The Holika bonfire and the festival of Holi are symbolic of the victory of good over evil, of Lord Vishnu over Hiranyakashipu, writes RAVI VALLURI
Cinema fans would certainly remember the legendary movie, “Sholay”.
There is an effectual scene in the movie when, the maniacal character of Gabbar Singh, caterwauls to his band of dacoits, “Holi kab hai, kab hai Holi?” and subsequently launches a sanguinary attack on the hapless denizens of Ramgarh who were immersed in celebrating the festival of Holi with myriad colours, gyrating to dances and songs.
The blitzkrieg of the bandits is however quelled with unprecedented valour by the duo of Jai and Veeru. The scene echoes the spirit of Indian mythology, in particular the Vishnu Purana and the legends of Lord Krishna, where righteousness triumphs over malevolent forces.
Holi: A veritable Indian eisteddfod
The celebration of the festival of Holi, brimming with mirth, is an exceedingly momentous occasion in the Indian psyche. The festival is highly pluralistic in nature as individuals of all faiths, castes and creeds participate with immense gaiety and fervour. The festival is steeped in myth and over the years has acquired iconic status particularly in Northern India.
People play Holi with chandan (sandalwood powder) and other colours (the rainbow of colours – representing different hues of human emotions, life and mind) along with water. Invariably the festival is celebrated as winter metamorphoses into spring. Those participating deduce that the bright and resplendent colours signify energy, life and joy. Humungous bonfires illuminate the landscape the previous evening, signifying Holika Dahan.
Bhagwat Purana: Legends and myths of Holi
Symbolic myths reveal that Holi is celebrated as a festival of colours in honour of the preserver of the Universe, Lord Vishnu. Legend has it that the demon king Hiranyakashipu was the king of Mephistophelian forces of the demons (asuras) and through rigorous tapasya was bestowed a boon that empowered him with gargantuan powers virtually making him immortal.
The boon stated that the demon king could neither be annihilated by human nor by animal, neither indoors nor outdoors, not at day nor at night. He could not be annihilated by astra (a projectile arsenal) nor through any shastra (handheld weapons), and further he would remain unscathed on land, water and the stratosphere.
Thus emboldened, Hiranyakashipu became hubristic and conceited. He demanded that he should be accorded the exalted status of Almighty God, and directed his subjects to worship him accordingly.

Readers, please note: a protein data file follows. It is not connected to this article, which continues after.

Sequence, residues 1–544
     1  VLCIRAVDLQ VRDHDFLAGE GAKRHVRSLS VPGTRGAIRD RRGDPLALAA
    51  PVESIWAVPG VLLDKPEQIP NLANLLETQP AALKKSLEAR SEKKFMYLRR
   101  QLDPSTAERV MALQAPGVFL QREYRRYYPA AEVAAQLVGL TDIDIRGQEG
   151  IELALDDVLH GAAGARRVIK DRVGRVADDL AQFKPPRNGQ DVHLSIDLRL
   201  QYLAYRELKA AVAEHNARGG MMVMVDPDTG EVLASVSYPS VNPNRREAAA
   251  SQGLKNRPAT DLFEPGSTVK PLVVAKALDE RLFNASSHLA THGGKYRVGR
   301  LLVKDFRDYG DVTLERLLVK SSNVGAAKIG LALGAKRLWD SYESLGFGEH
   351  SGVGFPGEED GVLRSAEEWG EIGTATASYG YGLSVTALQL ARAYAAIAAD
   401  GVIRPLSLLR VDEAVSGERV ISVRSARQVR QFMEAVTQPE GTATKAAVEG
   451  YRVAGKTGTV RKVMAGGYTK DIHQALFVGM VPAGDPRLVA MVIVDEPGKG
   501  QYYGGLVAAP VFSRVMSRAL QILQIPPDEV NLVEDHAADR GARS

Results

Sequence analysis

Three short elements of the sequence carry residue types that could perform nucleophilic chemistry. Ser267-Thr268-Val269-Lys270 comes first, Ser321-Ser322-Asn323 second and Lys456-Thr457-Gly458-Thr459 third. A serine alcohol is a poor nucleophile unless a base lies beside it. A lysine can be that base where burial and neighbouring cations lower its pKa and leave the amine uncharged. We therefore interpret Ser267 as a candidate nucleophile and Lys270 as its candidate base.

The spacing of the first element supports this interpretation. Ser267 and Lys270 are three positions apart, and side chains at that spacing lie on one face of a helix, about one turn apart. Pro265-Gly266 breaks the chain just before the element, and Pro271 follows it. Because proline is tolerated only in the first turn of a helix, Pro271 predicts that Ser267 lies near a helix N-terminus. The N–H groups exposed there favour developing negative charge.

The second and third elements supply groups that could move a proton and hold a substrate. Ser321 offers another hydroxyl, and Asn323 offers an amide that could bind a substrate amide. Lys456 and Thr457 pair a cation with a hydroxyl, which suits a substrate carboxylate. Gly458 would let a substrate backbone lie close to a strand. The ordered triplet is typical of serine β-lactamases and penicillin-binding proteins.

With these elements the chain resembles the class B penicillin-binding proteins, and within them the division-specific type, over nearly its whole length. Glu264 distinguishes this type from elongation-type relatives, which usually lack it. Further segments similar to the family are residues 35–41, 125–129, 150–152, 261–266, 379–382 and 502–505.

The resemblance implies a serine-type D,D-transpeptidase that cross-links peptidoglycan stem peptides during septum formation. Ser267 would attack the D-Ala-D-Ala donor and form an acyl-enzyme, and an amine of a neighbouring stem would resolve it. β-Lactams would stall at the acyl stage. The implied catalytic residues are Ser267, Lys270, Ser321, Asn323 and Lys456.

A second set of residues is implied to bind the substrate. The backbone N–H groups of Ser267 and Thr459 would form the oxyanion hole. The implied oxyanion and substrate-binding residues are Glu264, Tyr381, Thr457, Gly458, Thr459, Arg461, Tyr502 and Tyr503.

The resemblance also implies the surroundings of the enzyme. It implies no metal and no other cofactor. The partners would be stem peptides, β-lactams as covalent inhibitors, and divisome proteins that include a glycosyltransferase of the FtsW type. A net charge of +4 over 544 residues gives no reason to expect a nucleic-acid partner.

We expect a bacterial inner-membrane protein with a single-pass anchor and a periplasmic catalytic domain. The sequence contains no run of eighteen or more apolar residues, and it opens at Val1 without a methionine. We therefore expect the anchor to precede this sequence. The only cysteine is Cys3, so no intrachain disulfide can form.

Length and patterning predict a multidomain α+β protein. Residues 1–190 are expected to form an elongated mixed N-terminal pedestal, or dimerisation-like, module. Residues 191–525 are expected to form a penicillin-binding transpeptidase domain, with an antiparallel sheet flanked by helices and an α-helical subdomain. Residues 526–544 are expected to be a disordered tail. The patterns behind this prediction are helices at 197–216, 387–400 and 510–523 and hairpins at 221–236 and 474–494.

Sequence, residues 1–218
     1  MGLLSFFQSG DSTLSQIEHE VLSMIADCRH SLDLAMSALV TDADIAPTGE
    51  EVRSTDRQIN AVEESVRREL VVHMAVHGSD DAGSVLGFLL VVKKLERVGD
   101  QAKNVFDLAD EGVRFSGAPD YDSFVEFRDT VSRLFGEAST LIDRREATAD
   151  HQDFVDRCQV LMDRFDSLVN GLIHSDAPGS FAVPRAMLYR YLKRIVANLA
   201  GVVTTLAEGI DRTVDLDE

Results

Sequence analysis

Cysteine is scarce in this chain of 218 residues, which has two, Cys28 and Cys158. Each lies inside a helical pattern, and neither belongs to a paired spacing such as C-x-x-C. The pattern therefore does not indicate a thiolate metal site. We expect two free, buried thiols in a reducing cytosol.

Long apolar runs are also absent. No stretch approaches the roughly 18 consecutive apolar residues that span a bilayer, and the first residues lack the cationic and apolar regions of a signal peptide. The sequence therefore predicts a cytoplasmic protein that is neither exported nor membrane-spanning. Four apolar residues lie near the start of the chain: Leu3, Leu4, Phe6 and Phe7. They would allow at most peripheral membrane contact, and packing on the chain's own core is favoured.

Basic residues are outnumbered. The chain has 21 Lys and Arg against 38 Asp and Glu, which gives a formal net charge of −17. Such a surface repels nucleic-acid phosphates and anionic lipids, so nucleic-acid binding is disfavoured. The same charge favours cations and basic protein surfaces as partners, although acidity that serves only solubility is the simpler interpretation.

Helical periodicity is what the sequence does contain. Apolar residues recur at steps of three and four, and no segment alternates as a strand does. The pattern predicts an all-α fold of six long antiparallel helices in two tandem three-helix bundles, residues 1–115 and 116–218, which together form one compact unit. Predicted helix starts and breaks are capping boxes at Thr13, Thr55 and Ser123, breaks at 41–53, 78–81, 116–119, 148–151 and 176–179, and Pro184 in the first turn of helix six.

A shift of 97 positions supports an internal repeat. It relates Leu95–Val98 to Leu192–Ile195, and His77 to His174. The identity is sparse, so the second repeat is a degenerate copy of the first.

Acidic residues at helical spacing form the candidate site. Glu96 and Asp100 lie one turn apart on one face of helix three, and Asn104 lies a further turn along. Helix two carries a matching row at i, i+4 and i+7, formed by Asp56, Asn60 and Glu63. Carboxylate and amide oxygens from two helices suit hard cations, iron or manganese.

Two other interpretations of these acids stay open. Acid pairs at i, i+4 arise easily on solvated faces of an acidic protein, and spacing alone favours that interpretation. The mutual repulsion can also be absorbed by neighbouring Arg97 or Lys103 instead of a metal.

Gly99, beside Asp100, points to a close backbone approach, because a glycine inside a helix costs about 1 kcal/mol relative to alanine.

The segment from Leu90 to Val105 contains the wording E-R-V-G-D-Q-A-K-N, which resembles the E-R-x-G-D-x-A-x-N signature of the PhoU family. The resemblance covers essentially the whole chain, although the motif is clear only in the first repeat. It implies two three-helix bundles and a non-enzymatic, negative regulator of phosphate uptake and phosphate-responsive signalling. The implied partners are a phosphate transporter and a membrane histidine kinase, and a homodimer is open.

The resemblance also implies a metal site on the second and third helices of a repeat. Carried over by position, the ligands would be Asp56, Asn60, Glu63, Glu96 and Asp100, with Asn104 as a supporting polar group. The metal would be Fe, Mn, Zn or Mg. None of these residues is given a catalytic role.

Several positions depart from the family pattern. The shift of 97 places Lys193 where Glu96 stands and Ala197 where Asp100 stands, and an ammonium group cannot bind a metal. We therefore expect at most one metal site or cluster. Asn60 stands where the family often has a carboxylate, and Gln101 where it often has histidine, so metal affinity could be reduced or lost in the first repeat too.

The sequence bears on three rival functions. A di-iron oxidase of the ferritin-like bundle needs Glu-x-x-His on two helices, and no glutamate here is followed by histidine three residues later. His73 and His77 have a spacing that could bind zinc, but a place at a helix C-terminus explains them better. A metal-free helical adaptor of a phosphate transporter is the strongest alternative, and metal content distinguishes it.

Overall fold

However, the blustering king Hiranyakashipu’s solitary son, Prahalada disagreed and remained steadfastly devoted to Lord Vishnu. This infuriated Hiranyakashipu no end and he would subject Prahalada to barbarous punishments.
This did not deter the resolve of Prahalada who continued to diligently chant the name of Lord Vishnu. Hiranyakashipu engaged the services of his sister Holika to eliminate his son. Holika was blessed with a boon that she would be unharmed by fire. The aunt, cased in a special cloak, seated Prahalada on her lap and sat on a pyre. The brother-sister duo did not realise that Holika’s boon would hold only if she were alone. Thus, the odious Holika was destroyed by the flames while Prahalada, who continued chanting the name of Lord Vishnu, was saved.
Meanwhile, in order to save his devotee Prahalada, Lord Vishnu emerged from a pillar as Narasimha (an androgynous human and lion) who annihilated the flagitious king at a doorstep (neither indoors nor outdoors), at twilight (neither during day or night) and on his lap (neither on land, water or air) and slayed him with his claws (no weapon used).
The Holika bonfire and the festival of Holi are symbolic of the victory of good over evil, of Lord Vishnu over Hiranyakashipu.
The evening is spent in observing Holika Dahan and the following day swathes of colour are splashed by joyous people. Here colour is meant to be visible, translucent and relished separately. However, if the colours get blended together chemically it will turn turgid and black in texture which will mar the atmosphere and quintessence of the occasion.
Holi and the legend of Lord Krishna
The Braj region of North India spans present day Central Uttar Pradesh, encompassing historical and religious centres such as Mathura and Vrindavan. These towns were the cradle of the cult and civilisation of Lord Krishna. As per the legend, the demoness Putana, sent by the egregious Kansa (maternal uncle of Lord Krishna) poisons the child Krishna while feeding him and that turns him Tartarean in colour. This dispirits him and Krishna feels that his soul mate, the fair complexioned Radha would not befriend him. The loving mother requests Radha to apply colour on Krishna to assuage him. Thus began the fabled application of gulal and the celebration of Holi in the region and continues to date in the Hindi heartland.
“Like Holi, life should be colourful; not boring. Harmony in diversity makes the life vibrant, joyful and more colourful,” says Sri Sri Ravi Shankar.